Seoul: Korea War Memorial 

Standard

Every time we visit Yongsan, we pass the Korea War Memorial. This trip, we decided to check it out. I assumed that it was about the Korean War. That is a big part of the memorial, but the museum really covers all of the wars in Korean history. 

Outside are several statues from the Korean War in the 1950s. Most of them have plaques that explain each statue in both Hangul and English. 

This one was pretty cool. The statue is two brothers. One is an officer for the South Korean army, the other a soldier for the North. It’s so easy to forget that families are still separated because of this war. Inside, it showed each of the 21 countries that fought with the South. 

There was a great gift shop. We found some cool things for the veterans in our lives. The reflection pool had a place where you could buy food to feed the fish. We paid our 1,000 won, but the fish weren’t interested. 

In front of the museum were flags for the United Nations and the individual countries who helped during the Korean War. 

The inside of the museum had several different sections and memorials. Most things were in Hangul and English. I think it would take a few hours to see everything. This would have been better if Clarissa was a bit older and we had studied Korean history. But she did enjoy seeing the different boats and weapons. 

When Clarissa saw this model of Hwaseong Fortress, she asked if it was The Great Wall. I explained to her that mommy and daddy walked this Hwaseong Fortress before she was born in 2012 but one of our next trips will be China so we can walk on the Great Wall.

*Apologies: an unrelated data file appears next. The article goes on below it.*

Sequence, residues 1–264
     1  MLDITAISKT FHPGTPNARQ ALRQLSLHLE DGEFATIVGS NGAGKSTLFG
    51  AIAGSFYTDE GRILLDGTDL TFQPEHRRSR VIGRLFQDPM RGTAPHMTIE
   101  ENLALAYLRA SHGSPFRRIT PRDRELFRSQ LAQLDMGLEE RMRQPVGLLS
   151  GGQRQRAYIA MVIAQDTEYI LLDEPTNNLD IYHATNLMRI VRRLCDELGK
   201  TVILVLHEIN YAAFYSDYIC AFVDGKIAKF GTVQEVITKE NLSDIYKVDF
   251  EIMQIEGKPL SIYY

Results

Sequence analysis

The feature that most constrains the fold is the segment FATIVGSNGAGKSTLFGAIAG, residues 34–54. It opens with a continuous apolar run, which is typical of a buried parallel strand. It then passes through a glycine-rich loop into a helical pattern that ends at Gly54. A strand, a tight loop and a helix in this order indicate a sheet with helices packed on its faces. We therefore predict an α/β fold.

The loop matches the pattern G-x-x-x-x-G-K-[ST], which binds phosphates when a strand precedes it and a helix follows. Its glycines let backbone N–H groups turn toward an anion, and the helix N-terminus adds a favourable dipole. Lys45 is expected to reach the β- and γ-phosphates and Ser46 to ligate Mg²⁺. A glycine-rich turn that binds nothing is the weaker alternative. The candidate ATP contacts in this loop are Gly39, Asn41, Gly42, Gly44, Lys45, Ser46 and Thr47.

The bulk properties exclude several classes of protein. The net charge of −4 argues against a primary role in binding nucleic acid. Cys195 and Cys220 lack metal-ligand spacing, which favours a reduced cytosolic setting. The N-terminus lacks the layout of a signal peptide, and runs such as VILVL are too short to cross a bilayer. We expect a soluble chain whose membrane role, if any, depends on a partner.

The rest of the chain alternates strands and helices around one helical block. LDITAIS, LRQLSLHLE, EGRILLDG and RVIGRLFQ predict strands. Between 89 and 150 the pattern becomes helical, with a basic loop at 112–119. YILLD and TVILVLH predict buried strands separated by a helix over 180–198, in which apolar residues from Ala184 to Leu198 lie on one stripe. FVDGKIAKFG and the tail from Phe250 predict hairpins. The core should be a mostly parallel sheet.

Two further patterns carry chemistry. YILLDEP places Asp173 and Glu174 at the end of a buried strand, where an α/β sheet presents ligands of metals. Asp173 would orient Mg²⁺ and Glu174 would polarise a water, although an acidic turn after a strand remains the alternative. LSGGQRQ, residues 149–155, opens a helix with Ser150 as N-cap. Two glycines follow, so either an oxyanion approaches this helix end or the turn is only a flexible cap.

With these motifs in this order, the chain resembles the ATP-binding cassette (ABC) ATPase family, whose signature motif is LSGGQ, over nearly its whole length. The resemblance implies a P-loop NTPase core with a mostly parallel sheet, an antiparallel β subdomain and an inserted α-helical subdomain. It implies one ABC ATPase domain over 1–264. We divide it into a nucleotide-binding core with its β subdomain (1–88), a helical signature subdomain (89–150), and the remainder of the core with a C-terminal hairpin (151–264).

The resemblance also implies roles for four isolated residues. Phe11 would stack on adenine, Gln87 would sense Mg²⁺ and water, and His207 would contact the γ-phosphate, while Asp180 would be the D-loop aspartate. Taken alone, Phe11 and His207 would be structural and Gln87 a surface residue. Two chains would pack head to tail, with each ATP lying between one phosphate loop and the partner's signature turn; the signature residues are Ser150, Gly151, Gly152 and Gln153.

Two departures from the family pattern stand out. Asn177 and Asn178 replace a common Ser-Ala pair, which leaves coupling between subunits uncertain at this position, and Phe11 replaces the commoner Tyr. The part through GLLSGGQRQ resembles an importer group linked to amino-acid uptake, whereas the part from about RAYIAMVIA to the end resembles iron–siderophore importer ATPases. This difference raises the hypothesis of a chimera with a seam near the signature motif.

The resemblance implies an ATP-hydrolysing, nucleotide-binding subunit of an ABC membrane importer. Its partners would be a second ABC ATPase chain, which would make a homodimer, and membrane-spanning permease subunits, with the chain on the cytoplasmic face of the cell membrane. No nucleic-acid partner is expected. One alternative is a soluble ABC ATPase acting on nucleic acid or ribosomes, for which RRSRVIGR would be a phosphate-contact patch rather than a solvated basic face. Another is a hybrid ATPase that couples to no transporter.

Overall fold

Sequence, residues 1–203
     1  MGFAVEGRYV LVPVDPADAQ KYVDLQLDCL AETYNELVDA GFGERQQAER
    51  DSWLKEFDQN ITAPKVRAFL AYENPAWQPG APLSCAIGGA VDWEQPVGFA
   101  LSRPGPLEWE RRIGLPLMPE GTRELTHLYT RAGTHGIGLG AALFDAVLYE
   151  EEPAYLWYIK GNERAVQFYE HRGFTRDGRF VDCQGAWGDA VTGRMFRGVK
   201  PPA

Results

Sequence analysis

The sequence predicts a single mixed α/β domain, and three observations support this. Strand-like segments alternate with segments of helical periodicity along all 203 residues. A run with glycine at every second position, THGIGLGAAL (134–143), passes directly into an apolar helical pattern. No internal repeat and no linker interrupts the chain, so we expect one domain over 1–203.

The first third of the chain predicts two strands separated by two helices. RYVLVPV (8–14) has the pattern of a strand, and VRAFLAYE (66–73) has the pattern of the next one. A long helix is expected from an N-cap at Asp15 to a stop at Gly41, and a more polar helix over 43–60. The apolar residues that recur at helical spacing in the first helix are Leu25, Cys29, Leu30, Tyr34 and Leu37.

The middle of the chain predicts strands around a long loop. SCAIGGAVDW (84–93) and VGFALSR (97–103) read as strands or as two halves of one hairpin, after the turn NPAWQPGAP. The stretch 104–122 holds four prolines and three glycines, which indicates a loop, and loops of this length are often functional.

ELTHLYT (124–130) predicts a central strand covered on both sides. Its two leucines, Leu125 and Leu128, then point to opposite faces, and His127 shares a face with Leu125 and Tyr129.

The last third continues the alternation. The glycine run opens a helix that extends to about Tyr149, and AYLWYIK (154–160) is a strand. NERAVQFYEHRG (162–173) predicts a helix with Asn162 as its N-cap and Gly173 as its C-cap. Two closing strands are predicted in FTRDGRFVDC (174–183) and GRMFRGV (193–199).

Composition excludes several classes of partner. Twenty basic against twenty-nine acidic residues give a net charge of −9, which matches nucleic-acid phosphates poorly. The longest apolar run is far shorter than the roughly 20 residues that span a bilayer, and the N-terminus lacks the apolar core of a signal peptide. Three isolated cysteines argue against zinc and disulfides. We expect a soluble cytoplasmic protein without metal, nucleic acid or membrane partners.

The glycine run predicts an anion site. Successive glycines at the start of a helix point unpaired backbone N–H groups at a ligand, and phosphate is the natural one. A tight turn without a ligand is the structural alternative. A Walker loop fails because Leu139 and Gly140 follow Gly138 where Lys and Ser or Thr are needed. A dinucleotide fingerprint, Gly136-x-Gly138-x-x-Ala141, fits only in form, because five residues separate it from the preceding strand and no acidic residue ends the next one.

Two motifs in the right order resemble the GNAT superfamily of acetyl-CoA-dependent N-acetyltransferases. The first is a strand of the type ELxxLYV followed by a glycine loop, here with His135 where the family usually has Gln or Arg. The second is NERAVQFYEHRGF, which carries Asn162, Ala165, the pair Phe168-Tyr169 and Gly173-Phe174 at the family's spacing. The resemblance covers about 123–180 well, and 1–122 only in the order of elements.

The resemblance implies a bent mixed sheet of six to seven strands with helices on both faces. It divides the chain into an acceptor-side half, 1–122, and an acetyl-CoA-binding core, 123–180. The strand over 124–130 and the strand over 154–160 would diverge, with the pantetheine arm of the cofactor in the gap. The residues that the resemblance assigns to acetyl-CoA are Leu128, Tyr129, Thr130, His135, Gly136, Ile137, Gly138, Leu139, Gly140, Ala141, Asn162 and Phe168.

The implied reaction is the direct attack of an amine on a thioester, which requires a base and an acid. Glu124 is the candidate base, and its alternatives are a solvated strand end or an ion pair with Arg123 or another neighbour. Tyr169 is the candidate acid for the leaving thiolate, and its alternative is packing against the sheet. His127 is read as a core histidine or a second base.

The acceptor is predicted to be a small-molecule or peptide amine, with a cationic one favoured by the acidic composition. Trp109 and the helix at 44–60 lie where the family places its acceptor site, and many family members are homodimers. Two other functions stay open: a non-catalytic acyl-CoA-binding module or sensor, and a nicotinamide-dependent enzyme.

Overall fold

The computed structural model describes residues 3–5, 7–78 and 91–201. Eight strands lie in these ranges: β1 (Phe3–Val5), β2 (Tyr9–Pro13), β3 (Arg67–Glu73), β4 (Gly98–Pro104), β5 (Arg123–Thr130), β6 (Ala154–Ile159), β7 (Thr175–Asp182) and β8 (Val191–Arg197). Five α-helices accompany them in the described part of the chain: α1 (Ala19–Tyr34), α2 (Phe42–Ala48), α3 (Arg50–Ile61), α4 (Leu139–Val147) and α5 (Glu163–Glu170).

Back outside, there are several planes, boats, tanks, and missles. Some South Korean, some American, and some captured from the North. 

Behind the machines was a children’s museum. The children’s museum was…interesting. Admission was free but you needed a ticket. Tickets were for a specific time: 9-950, 10-1050, etc. We arrived at 1130 and they were hesitant to give us a ticket for 11-1150.

The museum was very small. There were a few activities, mostly in Hangul. Each station had an ajumma attendant. Some were nicer than others. One lady was trying to push us through because of time but we still had ten minutes left. That was frustrating. The coolest part was this exhibit. 

The top picture is Korea today. The bottom picture is during the war. Same exhibit, just from a different angle. 

It might be worth it to go at the beginning of a time slot, but Clarissa was content to look at the big things outside. There was a place to park your stroller as you entered the children’s museum.